One-off Budget measures will insulate most households from inflation this winter
One-off measures announced as part of Budget 2023 will insulate most households from rising prices this winter, according to new research presented today at the Economic and Social Research Institute (ESRI) post-budget briefing. The research shows that welfare increases in 2022 and 2023, together with one-off measures, are large enough to leave the lowest-income households better-off on average than they would have been had welfare payment rates risen in line with inflation both this year and next.
However, below forecast inflation increases to tax credits and welfare payments next year will mean many lower-income households will experience real terms cuts in living standards in the latter half of 2023 without a repeat of the welfare bonuses, lump-sum payments and household energy credits. While above inflation increases to the income tax Standard Rate Cut-Off will mitigate the effect of inflation on higher income households, most Universal Social Charge and PRSI bands were frozen, and tax credits indexed below inflation. The effect of this is to reduce the after-tax purchasing power of lower earners who do not earn enough to pay income tax, though some of these will gain from an increase to the minimum wage.
The increase in the universal component of the National Childcare Scheme of 90c per hour will reduce the out-of-pocket childcare costs of those using full-time formal childcare but will not initially reduce childcare costs for informal childcare arrangements like childminders – who are used by one-third of parents paying for childcare.
The government also announced a range of interventions in the housing market, including some supply-side measures like a triple rate of Local Property Tax on certain vacant residential dwellings. It also announced the extension of the Help to Buy scheme for another 2 years at a cost of €350 million, as well as the introduction of a new levy on certain concrete products to part-fund the (Mica) Defective Concrete Blocks Redress Scheme. Given robust demand for housing combined with long-standing supply constraints, the burden of this new levy is likely to fall on the residents of newly built homes rather than on industry.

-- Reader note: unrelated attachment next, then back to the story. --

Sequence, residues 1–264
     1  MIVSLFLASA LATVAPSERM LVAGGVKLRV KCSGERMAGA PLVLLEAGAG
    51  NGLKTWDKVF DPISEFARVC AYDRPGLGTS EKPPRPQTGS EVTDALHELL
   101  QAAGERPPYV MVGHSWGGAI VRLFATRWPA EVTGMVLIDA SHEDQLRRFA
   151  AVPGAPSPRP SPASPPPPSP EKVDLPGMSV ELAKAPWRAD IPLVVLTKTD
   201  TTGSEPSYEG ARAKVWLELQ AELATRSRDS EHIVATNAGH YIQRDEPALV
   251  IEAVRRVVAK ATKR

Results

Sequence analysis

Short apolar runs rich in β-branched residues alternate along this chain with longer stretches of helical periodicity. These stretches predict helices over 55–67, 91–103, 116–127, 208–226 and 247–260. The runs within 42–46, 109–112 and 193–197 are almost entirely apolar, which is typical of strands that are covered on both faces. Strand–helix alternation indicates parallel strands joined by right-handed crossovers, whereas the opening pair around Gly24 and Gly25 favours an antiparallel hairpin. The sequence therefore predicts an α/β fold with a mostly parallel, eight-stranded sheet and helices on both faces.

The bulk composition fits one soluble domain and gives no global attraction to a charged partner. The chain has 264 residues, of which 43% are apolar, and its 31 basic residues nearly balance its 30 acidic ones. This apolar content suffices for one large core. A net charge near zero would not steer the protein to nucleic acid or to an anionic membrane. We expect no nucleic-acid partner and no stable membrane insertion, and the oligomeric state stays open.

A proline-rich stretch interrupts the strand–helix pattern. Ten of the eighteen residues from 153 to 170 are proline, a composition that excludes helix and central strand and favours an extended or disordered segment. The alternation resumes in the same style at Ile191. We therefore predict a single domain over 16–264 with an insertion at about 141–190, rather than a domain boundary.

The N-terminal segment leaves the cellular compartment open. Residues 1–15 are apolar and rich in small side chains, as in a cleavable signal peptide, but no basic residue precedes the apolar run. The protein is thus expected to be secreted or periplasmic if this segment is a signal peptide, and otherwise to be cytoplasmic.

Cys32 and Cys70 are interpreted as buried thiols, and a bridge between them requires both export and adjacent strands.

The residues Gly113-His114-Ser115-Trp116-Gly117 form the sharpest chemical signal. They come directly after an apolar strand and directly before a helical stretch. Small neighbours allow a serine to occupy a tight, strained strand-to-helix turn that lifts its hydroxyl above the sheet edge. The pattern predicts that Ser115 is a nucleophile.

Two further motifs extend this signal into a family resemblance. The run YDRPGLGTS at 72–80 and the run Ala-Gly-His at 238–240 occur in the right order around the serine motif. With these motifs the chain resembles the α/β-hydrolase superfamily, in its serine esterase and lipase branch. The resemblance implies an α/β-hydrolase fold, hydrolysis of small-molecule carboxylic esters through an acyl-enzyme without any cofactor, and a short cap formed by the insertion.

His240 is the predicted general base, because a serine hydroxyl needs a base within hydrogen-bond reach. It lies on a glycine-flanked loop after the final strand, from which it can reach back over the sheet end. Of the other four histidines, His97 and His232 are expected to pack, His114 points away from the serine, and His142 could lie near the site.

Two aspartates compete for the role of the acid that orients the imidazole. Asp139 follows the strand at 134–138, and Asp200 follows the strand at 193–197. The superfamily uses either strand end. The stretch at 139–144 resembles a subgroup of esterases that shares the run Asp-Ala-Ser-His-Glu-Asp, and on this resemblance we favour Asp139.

Barra Roantree, a Research Officer at the ESRI, said: “Our research shows the government’s approach to insulating households from the recent rise in energy prices has been effective. Targeted welfare measures combined with universal household energy credits will do more for most lower income households this winter than had welfare payment rates risen in line with inflation both this year and next.”
Karina Doorley, a Senior Research Officer at the ESRI, said: “The one-off measures announced as part of Budget 2023 will substantially cushion real incomes. However, most of the permanent changes to tax and welfare measures benefit those on higher incomes. Policymakers may need to consider benchmarking social welfare payments once the inflation crisis has passed to ensure that they provide adequate income for recipients.”
Kieran McQuinn, a Research Professor at the ESRI, said: “By providing support for household incomes and for businesses, the budgetary package should mitigate the impact of impending energy costs on domestic economic activity.”